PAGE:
Allocation refers to the process of assigning secondary storage space to files.

The file should be allocated space in such a manner so that disk space is utilized effectively and files can be accessed quickly.

The allocation method is responsible for mapping a file’s logical blocks into the actual physical blocks on the secondary storage device.

In Most of Operating Systems, The size of a physical block is a power of 2 between 512 and 4096.

There are three methods of allocating disk space to files

§  Contiguous Allocation

§  Linked Allocation

§  Indexed Allocation

Contiguous Allocation:

§  It is the simplest allocation method in which a single contiguous set of blocks is allocated to a file at the time of creation.

§  In contiguous allocation, files are assigned to contiguous areas of secondary storage.

§  A user specifies in advance the size of the area needed to hold a file to be created.

§  If the desired amount of contiguous space is not available, the file cannot be created.\

§  Contiguous Allocation supports both direct access and sequential access.


§  It is simple to implement because keeping track of where a blocks of files are.

§  It is reduced to remembering only one number.

§  Performance is good because entire file can be read from the disk in a single operation.


·         This method suffers from the problem of external fragmentation.

·         It is important to declare the size of the file at the time of its creation.

Linked Allocation:

§  In Linked Allocation, A file may not be allocated contiguous blocks.

§  It is also called Chained Allocation.

§  In this method, each file is a linked list of disk blocks.

§  The disk blocks may be scattered anywhere on the disk.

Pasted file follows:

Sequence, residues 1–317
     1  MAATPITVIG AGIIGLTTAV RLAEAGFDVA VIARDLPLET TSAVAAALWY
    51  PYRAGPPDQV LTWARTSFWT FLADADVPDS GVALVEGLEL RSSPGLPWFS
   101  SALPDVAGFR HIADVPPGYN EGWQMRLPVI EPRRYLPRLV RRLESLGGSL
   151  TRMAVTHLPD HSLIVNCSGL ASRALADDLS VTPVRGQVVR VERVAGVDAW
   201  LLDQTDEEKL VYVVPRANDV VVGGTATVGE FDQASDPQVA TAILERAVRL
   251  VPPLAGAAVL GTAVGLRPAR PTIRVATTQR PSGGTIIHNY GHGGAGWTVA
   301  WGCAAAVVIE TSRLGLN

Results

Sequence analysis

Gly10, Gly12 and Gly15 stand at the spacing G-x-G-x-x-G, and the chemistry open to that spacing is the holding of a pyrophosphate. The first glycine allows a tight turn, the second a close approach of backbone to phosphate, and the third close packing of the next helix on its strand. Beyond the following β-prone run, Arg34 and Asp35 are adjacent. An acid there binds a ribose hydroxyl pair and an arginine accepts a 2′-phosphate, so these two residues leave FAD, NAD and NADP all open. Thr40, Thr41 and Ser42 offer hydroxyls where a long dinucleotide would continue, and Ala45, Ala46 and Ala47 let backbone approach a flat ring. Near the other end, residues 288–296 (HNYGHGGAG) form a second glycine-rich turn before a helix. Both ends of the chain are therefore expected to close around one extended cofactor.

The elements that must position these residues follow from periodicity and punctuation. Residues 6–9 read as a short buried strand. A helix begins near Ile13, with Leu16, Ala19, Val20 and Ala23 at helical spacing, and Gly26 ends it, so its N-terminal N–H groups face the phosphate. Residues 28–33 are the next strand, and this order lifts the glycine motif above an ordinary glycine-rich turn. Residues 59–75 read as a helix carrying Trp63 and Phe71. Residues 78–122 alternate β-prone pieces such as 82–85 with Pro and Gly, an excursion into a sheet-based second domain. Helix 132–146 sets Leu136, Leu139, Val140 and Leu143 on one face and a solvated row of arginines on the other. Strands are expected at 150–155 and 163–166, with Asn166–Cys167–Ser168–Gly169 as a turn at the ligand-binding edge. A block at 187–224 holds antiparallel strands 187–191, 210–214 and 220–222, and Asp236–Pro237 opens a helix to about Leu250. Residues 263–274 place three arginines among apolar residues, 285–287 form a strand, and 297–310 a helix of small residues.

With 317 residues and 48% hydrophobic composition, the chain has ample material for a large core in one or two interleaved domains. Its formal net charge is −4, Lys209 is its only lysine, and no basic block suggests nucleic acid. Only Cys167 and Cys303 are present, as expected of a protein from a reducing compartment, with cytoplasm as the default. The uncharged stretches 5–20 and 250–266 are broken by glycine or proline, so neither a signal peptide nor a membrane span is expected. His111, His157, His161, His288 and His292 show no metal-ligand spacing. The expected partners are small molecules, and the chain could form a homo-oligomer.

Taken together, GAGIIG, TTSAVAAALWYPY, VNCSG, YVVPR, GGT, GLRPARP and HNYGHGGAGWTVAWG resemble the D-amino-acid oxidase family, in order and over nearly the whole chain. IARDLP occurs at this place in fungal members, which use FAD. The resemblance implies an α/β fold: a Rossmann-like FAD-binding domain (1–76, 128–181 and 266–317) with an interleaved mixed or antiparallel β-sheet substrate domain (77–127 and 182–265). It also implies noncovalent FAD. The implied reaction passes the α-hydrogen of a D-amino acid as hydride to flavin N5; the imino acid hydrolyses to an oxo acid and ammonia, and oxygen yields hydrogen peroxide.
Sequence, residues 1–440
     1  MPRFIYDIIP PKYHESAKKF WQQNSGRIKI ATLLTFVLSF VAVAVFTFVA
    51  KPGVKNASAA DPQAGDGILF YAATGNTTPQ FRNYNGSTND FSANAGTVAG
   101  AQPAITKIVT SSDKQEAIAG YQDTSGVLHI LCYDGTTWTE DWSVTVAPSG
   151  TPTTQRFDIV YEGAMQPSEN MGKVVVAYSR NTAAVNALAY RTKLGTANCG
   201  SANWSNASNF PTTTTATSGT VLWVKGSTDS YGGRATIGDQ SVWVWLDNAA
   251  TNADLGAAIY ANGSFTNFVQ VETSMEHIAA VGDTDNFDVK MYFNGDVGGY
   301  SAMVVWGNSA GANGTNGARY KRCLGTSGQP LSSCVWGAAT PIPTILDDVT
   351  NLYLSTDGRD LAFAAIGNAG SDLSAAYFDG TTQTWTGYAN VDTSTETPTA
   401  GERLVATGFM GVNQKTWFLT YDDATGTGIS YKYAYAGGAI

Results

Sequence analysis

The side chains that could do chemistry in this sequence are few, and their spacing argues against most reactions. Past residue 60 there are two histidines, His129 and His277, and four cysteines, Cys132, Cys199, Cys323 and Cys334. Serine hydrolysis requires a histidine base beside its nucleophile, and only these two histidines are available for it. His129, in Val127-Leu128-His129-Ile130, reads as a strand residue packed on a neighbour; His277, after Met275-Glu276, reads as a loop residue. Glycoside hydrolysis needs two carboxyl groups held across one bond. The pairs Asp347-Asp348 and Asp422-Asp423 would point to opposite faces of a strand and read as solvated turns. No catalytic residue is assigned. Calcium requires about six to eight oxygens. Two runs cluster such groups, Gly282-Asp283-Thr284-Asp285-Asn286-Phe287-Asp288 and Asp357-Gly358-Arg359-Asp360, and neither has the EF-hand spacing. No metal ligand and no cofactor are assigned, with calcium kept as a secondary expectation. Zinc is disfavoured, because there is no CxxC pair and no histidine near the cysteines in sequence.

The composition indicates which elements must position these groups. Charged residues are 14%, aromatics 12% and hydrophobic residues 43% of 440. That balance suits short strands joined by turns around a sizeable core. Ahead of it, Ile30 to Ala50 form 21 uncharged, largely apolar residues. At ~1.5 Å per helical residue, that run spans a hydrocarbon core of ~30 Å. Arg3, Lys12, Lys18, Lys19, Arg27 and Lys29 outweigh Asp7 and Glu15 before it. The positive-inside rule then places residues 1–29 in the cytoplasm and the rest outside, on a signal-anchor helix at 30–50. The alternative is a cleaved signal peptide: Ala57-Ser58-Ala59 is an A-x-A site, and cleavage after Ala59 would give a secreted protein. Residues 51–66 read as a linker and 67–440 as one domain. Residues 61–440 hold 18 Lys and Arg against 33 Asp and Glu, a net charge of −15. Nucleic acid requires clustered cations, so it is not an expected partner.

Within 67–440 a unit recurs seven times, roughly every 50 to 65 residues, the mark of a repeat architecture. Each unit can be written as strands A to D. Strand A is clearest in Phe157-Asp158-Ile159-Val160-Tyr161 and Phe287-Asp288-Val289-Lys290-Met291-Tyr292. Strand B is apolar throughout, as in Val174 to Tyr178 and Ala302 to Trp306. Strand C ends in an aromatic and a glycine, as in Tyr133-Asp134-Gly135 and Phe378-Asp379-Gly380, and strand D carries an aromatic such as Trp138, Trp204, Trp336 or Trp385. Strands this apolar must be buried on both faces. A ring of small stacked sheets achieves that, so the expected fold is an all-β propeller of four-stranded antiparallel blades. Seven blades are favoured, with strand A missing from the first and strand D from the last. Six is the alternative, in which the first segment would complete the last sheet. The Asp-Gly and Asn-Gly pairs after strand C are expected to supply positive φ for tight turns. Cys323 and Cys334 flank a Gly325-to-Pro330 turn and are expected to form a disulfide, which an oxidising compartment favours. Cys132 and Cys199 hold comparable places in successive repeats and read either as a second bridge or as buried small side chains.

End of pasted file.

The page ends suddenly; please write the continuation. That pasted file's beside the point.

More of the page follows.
§  Each block contains a pointer to the next block in a list.

§  The File Allocation Table contains single entry for each file and contains size of a file, a pointer to first and the last block of the file.


§  In this method every block can be utilized. But it is not possible in Contiguous Allocation Method.

§  It does not suffer from the external fragmentation.

§  No need to declare the size of a file at the time of creation.

§  No need to perform Compaction.

§  Supports Sequential Access


§  Not Support to Direct Access.

§  Reading a file sequentially is easy, but random access becomes extremely slow.

§  Pointer takes space in each disk block which can be used for storing information.

§  Less reliable because if Pointers of file are lost, then the data can be lost.

Indexed Allocation:

§  The indexed allocation method is the solution to the problem of both contiguous and linked allocation.

§  This is done by bringing all the pointers together into one location called the index block.

§  The File Allocation Table contains a separate one level index for each file.

§  The Index block has one entry for each portion allocated to the file.

§  The File Index for a file is kept in a separate block, And File Allocation Table contains the address of that index block.


§  It is the most popular form of File Allocation and supports both sequential and direct access to the file.

§  Free block can be used for allocation.

§  It eliminates external fragmentation.


§  If the Index block is small. So, it will not be able to hold the large file of pointers.

§  The Index Table will have to keep in Main Memory to make it work properly. If the disk is small. Then it will not be able to hold the index table which can be large pointer of Index file.



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